Vulnerability disclosure policies have proliferated throughout federal agencies in recent years, and if a new House bill ends up becoming law, federal contractors would have to adopt policies for accepting vulnerability information from security researchers as well.

Rep. Nancy Mace (R-S.C.) today announced the Federal Cybersecurity Vulnerability Reduction Act of 2023. Mace is chairwoman of the House Oversight and Accountability Committee’s cybersecurity, information technology and government innovation subcommittee.

The bill would require the White House Office of Management and Budget to lead updates to the Federal Acquisition Regulation that ensure federal contractors implement a vulnerability disclosure policy.

Defense Department contractors would also be required to follow the new procurement regulations. The legislation does allow agency chief information officers to waive the VDP requirements “in the interest of national security or research purposes.”

“By mandating Vulnerability Disclosure Policies (VDP) for federal contractors, we can ensure a proactive approach to cybersecurity, enabling contractors to identify and address software vulnerabilities promptly,” Mace said in a statement. “This legislation, aligned with internationally recognized standards, empowers contractors to stay ahead of malicious actors, preventing potential exploits and protecting sensitive information. With the Federal Cybersecurity Vulnerability Reduction Act, we will reinforce our commitment to a robust and resilient cyberspace, fostering trust and security in the digital age.”

In 2020, OMB directed federal agencies to use vulnerability disclosure policies. The Cybersecurity and Infrastructure Security Agency also published a VDP binding operational directive and implementation guidance.

“VDPs establish processes for the identification, management, and remediation of security vulnerabilities uncovered by security researchers,” OMB’s memo states. “They are among the most effective methods for obtaining new insights regarding security vulnerability information and provide high return on investment. They also provide protection for those who uncover these vulnerabilities by differentiating between good-faith security research and unacceptable means of gathering security information.”

Federal contractors that furnish information systems have already been required to have VDPs under the Internet of Things Cybersecurity Act of 2020. But Mace’s bill would extend the VDP requirements to all government contracts above the simplified acquisition threshold.

Mace’s bill would have contractors specifically follow the VDP guidelines established by the National Institute of Standards and Technology.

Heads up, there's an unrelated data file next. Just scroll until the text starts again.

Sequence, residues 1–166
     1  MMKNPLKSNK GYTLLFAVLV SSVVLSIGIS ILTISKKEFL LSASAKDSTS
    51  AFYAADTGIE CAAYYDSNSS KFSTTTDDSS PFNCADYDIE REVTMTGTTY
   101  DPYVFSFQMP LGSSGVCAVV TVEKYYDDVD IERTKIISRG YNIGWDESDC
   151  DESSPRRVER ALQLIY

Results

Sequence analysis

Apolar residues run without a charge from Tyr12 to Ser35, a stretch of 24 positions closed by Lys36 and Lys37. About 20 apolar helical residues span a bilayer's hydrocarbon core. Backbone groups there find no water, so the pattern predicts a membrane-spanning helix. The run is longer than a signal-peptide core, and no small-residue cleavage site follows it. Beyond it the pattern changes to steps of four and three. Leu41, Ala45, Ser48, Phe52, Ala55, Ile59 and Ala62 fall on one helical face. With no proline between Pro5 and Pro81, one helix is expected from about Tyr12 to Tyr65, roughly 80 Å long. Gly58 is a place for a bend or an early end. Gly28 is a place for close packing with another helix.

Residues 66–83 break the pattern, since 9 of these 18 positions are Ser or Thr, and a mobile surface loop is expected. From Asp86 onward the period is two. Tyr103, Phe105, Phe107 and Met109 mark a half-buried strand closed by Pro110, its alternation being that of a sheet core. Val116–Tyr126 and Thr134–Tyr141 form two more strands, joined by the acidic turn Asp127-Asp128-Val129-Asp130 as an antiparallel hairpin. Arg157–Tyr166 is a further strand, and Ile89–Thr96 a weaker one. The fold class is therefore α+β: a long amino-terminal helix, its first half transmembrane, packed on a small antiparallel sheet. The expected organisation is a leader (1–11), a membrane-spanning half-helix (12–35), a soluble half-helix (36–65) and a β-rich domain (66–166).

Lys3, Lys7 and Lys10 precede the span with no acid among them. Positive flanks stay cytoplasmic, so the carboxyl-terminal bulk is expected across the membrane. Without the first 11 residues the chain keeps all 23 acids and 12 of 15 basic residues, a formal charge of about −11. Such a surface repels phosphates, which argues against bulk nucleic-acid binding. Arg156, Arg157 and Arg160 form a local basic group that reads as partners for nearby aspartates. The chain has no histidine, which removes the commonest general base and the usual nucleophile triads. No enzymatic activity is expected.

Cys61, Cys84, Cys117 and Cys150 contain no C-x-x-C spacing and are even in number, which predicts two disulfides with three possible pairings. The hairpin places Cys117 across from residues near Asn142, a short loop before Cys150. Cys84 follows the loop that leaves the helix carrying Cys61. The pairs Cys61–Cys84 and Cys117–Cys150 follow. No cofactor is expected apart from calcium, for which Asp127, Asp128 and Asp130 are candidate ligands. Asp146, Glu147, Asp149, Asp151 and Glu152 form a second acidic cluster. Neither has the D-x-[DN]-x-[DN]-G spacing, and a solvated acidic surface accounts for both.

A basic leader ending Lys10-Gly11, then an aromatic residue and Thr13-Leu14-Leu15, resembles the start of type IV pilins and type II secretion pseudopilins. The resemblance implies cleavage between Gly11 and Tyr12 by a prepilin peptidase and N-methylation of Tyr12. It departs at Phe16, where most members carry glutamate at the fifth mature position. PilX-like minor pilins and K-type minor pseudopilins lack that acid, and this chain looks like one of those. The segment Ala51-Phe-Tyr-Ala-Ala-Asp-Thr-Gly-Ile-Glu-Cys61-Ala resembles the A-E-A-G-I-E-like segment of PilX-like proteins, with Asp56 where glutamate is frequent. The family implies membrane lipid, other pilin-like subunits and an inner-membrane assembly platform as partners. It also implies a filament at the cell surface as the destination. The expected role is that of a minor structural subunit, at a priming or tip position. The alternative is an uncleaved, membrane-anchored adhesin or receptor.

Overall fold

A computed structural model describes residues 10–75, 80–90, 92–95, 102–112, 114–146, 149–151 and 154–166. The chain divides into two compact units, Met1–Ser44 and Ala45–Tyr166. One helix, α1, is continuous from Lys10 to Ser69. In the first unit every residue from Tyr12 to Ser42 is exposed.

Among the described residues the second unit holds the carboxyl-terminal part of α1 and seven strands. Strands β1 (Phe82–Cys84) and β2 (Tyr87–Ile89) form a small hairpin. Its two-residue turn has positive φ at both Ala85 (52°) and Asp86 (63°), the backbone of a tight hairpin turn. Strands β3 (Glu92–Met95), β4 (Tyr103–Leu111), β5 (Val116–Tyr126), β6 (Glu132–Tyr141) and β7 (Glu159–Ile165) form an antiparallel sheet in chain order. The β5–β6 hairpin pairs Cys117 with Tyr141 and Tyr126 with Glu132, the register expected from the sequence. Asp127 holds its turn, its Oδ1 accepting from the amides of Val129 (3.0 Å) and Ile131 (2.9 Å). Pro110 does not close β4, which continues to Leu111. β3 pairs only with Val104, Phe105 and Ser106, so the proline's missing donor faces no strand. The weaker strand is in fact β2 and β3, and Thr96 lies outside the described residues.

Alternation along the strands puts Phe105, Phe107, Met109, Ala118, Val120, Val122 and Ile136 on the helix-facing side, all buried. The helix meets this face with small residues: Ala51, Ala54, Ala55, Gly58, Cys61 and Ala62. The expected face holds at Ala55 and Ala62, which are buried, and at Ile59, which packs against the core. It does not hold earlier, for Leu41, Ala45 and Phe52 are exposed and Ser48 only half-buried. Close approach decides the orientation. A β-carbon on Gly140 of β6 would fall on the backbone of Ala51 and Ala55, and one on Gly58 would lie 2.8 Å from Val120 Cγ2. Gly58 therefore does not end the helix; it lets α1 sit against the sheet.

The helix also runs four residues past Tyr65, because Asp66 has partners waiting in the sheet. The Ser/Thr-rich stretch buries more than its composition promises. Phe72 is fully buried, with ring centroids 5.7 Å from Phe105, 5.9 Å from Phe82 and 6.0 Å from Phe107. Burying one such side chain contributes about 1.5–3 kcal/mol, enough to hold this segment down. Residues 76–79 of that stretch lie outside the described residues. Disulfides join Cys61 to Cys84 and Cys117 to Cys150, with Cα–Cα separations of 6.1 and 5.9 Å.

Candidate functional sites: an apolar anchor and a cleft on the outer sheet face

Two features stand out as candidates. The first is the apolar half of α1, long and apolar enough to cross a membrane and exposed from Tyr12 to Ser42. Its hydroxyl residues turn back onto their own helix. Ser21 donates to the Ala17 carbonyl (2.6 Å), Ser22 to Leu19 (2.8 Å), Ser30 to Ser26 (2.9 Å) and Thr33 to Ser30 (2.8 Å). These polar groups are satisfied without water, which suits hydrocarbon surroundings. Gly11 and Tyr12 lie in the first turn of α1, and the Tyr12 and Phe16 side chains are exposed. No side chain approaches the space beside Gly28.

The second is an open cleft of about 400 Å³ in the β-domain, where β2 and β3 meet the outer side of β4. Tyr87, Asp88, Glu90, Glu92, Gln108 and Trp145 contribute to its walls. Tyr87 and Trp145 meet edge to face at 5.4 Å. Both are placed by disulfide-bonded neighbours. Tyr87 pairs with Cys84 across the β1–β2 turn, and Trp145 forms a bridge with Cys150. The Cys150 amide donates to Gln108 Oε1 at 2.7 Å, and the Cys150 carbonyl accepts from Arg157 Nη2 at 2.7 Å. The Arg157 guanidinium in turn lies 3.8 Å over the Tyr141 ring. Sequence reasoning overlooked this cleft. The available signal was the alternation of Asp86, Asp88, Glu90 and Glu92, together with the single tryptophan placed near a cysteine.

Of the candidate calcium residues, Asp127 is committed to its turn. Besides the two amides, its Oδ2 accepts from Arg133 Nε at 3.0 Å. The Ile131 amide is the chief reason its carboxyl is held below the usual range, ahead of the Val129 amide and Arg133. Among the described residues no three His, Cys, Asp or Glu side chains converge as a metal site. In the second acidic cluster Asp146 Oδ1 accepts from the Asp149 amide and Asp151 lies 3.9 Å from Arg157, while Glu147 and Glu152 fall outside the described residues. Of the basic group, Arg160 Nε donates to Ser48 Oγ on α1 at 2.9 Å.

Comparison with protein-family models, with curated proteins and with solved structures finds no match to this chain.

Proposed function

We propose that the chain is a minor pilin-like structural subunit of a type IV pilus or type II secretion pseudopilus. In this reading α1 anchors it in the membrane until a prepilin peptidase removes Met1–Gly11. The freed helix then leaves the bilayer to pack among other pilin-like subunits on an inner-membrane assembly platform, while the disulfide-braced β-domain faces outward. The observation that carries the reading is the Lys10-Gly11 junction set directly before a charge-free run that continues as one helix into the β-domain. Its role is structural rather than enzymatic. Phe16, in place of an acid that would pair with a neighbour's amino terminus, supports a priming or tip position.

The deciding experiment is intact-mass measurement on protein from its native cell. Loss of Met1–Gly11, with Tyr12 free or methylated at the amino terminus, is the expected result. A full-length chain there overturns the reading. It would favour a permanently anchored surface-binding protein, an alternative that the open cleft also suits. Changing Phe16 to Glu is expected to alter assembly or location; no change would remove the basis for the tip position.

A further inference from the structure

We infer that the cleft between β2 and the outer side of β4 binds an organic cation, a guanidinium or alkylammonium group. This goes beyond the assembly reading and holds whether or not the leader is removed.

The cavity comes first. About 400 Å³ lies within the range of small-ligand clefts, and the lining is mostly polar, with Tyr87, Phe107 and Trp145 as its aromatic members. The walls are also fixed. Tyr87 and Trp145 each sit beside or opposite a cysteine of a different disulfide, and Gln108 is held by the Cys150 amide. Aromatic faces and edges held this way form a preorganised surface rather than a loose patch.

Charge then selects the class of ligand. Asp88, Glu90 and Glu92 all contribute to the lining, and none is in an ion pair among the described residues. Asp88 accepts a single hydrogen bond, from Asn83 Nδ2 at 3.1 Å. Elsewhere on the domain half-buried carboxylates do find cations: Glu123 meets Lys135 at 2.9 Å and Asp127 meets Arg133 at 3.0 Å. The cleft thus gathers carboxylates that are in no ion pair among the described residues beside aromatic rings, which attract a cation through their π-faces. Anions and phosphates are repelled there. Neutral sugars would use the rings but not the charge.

In May, NIST published “Recommendations for Federal Vulnerability Disclosure Guidelines.” The document lays out a federal vulnerability disclosure framework, including information about how agencies should set up a system for receiving information about potential security vulnerabilities, as well as methods for communicating ways to resolve those vulnerabilities to other agencies and the public.

“Creating efficient and effective vulnerability disclosure programs can help minimize the unintended exposure of government and private information, the corruption of data, and the loss of services,” the guidelines state.

Grant Schneider, the former federal chief information security officer, said Mace’s bill “has the potential to be very positive” for federal cyber efforts.

“I think this is a pretty low bar and an easy lift for organizations,” Schneider said. “VDP programs can be pretty low cost and I think far more cost effective than a lot of other places where you could put your cybersecurity dollars.”

Ilona Cohen, the chief legal and policy officer at HackerOne and a former OMB official, pointed to how major federal cybersecurity incidents have occurred through contractor systems, such as the 2015 Office of Personnel Management breach.

“This is a real gap,” Cohen said.

Mace’s bill comes as the Biden administration also prioritizes encouraging coordinated vulnerability disclosure across all technology types and sectors under the new national cyber strategy.

The Defense Department was the first federal organization to adopt a VDP and run a “bug bounty” under its “Hack the Pentagon” program that pays security researchers to find bugs in DoD systems. Mace’s bill would just require contractors to establish a VDP, leaving it up to them as to whether pursue bug bounty programs.

DoD also recently ran a 12-month VDP pilot program with 41 contractors in the defense industrial base. The pilot turned up more than 400 vulnerabilities. DoD is now considering how to expand the program to other contractors.

“We can just look to that pilot as a model for success,” Cohen said. “Those companies who participated, I think they were surprised with what they were able to achieve.”